Pet Toxicology Experts Identify Top 10 Toxins Commonly Found in a Pantry
When you think of your pantry, images of household staples, cooking supplies, snacks and other food items come to mind. In reality, what you may find is a pantry full of potential pet poisons.
In honor of National Poison Prevention Week, March 20-26, the toxicology experts at Pet Poison Helpline® reviewed their case data and developed a list of the top 10 potential pet poisons commonly found in your pantry. To help visualize the dangers, Pet Poison Helpline® has released an infographic.
“Most people don’t realize that common household foods for human consumption can be toxic to pets, especially if they consume them in large quantities” said Dr. Renee Schmid, a senior veterinary toxicologist at Pet Poison Helpline®. “Many pets join the family in the kitchen, and often have access to the pantry. Hidden inside that pantry are a number of items that are either dangerous on their own or contain ingredients that can be toxic to pets.”
Here is Pet Poison Helpline®’s Top 10 Pantry of Pet Poisons:
Animals are at a high risk for developing alcohol poisoning even with small amounts of alcohol. Low blood sugar, lethargy and seizures can occur.
The darker the chocolate, the higher the amount of methylxanthines, increasing the risk of poisoning. Keep away to avoid vomiting, diarrhea, and agitation. Large ingestions can result in heart rhythm changes and even seizures.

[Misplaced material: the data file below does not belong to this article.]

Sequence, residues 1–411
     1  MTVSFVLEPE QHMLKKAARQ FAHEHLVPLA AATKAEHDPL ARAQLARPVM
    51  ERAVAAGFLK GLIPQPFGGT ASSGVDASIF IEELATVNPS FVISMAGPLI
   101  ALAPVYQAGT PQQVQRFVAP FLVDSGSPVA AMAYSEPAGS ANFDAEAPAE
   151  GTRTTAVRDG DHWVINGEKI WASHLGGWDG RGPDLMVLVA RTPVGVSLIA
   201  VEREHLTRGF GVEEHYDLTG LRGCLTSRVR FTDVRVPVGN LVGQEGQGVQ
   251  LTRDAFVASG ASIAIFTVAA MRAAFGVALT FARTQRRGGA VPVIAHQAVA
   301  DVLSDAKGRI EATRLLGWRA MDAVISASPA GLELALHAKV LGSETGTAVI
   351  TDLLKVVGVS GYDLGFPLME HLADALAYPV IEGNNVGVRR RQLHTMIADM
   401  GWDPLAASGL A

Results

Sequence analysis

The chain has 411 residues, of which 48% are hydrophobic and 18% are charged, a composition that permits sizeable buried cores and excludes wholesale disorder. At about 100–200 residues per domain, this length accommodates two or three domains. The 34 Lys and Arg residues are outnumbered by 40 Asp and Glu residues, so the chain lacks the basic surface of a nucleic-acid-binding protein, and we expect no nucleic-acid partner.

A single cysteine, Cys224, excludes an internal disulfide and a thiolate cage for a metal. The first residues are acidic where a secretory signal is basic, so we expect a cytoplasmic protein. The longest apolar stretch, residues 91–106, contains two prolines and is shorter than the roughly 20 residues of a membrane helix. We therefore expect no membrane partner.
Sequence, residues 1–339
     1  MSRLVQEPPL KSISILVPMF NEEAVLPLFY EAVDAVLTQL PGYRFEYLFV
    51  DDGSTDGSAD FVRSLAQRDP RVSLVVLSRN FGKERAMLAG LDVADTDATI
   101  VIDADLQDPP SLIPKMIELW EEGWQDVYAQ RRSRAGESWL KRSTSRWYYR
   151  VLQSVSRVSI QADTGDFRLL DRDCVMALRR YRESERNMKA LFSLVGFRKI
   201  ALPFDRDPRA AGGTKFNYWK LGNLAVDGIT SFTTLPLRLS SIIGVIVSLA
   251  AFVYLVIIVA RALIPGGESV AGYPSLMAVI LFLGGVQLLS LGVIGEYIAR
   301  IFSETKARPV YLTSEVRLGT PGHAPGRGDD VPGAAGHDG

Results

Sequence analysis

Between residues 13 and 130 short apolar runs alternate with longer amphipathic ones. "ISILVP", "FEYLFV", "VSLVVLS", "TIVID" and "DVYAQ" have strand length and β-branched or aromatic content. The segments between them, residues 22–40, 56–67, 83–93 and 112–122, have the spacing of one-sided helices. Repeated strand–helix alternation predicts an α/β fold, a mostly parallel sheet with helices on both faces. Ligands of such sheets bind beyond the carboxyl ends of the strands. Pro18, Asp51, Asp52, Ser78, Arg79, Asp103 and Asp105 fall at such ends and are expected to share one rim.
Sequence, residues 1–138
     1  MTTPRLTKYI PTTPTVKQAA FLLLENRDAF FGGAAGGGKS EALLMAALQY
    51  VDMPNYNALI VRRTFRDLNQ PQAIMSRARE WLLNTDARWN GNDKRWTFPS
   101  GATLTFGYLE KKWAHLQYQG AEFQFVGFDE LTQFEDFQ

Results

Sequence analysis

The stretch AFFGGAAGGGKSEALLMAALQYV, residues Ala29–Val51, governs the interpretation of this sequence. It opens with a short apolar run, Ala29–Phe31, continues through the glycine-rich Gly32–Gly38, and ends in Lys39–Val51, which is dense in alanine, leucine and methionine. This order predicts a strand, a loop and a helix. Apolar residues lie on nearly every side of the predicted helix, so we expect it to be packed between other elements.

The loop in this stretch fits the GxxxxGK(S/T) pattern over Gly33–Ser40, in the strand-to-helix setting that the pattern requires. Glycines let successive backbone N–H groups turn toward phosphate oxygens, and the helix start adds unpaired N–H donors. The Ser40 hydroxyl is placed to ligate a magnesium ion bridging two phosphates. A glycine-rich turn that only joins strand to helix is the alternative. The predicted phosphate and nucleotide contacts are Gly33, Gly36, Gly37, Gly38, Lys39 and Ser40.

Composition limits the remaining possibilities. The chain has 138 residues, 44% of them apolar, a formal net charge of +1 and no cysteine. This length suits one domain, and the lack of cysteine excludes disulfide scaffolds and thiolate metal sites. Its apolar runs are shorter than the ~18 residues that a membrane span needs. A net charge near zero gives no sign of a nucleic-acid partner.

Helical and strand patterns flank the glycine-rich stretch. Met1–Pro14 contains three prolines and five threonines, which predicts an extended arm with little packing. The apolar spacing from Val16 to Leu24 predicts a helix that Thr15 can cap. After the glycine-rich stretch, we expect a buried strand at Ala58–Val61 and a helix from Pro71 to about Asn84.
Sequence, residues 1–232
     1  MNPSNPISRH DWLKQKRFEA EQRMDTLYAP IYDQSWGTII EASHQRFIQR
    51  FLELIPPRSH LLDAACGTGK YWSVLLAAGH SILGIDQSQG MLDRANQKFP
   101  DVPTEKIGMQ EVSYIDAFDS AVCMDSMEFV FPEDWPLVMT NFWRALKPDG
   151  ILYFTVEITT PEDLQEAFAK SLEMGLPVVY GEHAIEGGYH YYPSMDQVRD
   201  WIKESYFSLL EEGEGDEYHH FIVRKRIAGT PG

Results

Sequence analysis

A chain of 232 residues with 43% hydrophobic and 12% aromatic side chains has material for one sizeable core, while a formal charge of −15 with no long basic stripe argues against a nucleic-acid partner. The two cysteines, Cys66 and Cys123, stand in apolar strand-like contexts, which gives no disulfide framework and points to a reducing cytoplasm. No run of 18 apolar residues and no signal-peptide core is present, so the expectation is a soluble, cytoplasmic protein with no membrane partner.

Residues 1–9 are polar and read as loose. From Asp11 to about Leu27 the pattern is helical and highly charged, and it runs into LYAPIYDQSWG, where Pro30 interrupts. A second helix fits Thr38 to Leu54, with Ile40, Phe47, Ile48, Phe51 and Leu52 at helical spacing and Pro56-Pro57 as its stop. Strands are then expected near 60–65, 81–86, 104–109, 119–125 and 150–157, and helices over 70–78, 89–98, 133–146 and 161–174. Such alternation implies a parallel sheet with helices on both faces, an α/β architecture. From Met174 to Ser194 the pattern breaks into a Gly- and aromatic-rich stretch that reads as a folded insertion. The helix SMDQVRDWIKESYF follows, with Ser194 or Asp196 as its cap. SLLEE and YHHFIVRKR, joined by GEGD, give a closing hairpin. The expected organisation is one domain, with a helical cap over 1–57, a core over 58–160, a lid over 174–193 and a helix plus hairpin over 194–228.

Caffeine is a stimulant for everyone – too much can cause tremors and a racing heart. Keep your pet off of the ceiling and out of the hospital.
Garlic and onion
Garlic and onion can cause vomiting and diarrhea, as well as anemia and other red blood cell changes depending on the amount ingested due to sulfur containing oxidants.
These nuts can cause dogs to have difficulty walking, which can be stressful and dangerous around stairs. Additional risks include joint pain and pancreatitis.
Ingesting only a few raisins can result in kidney injury for your furry pet. Early signs include vomiting and lethargy.
Pets should never be given salt. Too much salt can cause vomiting, tremors and seizures.
Small dogs and cats may have too much caffeine from a bag of tea and all pets might have trouble passing the bag with a string.
Xylitol/Birch sugar (gum, mints, sugar-free products, protein bars, specialty peanut butters)
Xylitol/birch sugar and dogs are not a good combination. Beware of seizures from low blood sugar as well as possible liver failure – this is not a sweet treat!
When mixed into a dough, yeast organisms are busy making alcohol and lots of gas through fermentation. The dough can expand in the stomach, blocking the ability for the dough and gas to pass through. The alcohol produced may result in alcohol poisoning.
About Pet Poison Helpline®
Pet Poison Helpline®, your trusted source for toxicology and pet health advice, is available 24 hours, seven days a week for pet owners and veterinary professionals who require assistance treating a potentially poisoned pet. The veterinarians and board-certified toxicology experts provide treatment advice for poisoning cases of all species, including dogs, cats, birds, small mammals, large animals and exotic species. As the most cost-effective option for animal poison control and pet health care, Pet Poison Helpline®’s fee of $85 per incident includes follow-up consultations for the duration of the case. Based in Minneapolis, Pet Poison Helpline® is available in North America by calling 800-213-6680. Additional information can be found online at www.petpoisonhelpline.com.